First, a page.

As soon as it became obvious corporate worship was out, a group of people explored the possibility of broadcasting our worship services. Neophytes all, we bought equipment, learned how to use it, even facing the challenges of our aging sound system and the awesome but daunting acoustics of our worship space, and became familiar with the dynamics of uploading big files to social media. A special word of thanks goes to Maggie Stone for all her work doing this. We continue to improve weekly as we try new things. Guess how many worship services have been broadcast? Again—big numerals:
Each service required at least eight people to preside, play music, sing, record, prepare communion elements, etc. What an effort went into making the services available this way!
While some sense of normalcy has returned, because we have had corporate worship now for three weeks, people talk about the new normal. I think the use of social media will be crucial for our future. There are lots of reasons for this, but primary among these are the fact that more people attend church via the internet than in person. Shocking, isn’t it! How Trinity becomes part of this is our challenge. If we do, our impact can reach far beyond our corner of the world in Hagerstown. We have been deficient in one area—Bible study. This is being addressed and should become a regular feature of our presence online. Soon you will read about Segment 3 of our process of discerning our Vision and Mission. Hopefully, you will choose to be part of a course which will help us figure out how to be a 21st century church.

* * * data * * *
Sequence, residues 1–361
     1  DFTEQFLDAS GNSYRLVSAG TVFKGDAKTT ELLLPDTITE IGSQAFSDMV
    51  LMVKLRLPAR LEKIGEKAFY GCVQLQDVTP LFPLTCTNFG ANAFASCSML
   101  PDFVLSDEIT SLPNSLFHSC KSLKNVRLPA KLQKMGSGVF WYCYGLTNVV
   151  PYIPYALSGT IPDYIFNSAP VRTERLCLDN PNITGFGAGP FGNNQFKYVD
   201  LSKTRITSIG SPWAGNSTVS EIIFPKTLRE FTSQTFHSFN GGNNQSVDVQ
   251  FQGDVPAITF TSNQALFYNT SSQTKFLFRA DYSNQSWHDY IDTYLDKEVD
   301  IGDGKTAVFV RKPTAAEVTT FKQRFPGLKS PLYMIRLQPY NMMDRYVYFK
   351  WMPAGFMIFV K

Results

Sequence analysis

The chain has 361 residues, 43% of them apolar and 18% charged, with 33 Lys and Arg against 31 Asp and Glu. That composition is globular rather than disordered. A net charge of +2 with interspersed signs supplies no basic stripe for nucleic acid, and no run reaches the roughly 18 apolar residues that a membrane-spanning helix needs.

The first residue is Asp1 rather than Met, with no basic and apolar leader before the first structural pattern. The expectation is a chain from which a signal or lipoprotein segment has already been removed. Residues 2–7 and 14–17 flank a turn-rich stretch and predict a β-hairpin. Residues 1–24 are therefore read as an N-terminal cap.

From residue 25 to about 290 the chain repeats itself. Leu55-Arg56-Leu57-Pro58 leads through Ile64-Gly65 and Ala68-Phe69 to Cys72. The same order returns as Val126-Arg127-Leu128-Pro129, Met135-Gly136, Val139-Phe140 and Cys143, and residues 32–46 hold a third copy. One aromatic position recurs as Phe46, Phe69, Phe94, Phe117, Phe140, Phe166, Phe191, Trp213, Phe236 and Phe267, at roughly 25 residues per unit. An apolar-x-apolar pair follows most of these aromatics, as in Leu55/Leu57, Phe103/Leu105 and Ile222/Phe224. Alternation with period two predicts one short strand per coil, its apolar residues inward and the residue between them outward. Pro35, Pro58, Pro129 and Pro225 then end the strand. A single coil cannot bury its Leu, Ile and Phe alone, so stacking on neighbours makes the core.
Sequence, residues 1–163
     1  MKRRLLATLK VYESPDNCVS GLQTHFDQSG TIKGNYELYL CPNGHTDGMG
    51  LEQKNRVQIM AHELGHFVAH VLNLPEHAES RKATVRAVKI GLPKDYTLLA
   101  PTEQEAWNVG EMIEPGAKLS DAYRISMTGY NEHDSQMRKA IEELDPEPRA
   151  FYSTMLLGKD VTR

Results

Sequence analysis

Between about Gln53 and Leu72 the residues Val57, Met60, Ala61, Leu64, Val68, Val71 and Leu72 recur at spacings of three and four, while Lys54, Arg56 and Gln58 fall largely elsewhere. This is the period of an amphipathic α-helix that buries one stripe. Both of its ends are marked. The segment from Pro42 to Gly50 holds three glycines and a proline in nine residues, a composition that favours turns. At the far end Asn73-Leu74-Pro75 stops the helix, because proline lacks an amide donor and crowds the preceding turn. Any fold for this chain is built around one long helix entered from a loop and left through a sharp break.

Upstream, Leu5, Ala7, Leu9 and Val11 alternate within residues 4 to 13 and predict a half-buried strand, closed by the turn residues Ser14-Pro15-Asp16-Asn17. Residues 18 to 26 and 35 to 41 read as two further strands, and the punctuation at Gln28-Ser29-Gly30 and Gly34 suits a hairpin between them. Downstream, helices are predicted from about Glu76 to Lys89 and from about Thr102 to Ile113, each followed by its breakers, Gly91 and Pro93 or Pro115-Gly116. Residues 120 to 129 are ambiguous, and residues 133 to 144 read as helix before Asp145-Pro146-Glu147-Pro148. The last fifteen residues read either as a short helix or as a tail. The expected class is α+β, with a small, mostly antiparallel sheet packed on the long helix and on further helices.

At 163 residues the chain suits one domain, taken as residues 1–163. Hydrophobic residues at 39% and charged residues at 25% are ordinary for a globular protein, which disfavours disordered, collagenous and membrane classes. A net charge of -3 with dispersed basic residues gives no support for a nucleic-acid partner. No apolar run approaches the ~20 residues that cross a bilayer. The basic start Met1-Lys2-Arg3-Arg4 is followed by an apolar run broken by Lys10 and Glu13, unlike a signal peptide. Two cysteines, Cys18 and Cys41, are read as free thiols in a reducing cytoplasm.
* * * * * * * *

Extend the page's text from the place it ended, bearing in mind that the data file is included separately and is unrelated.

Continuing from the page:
I wish to highlight one area of ministry wherein I feel all the work mentioned above has paid off. While many churches are facing severe financial challenges because corporate worship ended so abruptly, and people are not at church to put their envelopes in the traditional gold plate, Trinity has actually seen an uptick in our weekly offerings. I think that is remarkable! But why this has happened is no mystery. We didn’t shut down. Given new challenges, we rose to the occasion by being innovative and fresh in our approach. That was a clear decision on the part of your staff, a decision that few other churches made. The uptick in giving was a direct result of our decision to do something new. Please remember that, as there are other things we can do to strengthen and grow our Loving Community- stay tuned! Bishop Bill Gohl writes a weekly article and always includes the phrase, “the church is alive!” Because of how we have all chosen to be as a community of love and communication, Trinity as a community of faith is alive and well. We miss seeing people together, united in worship, and at meetings and sharing food together—but, by God’s help, we are still Trinity Evangelical Lutheran Church. And we will be Trinity Evangelical Lutheran Church as the future unfolds for us.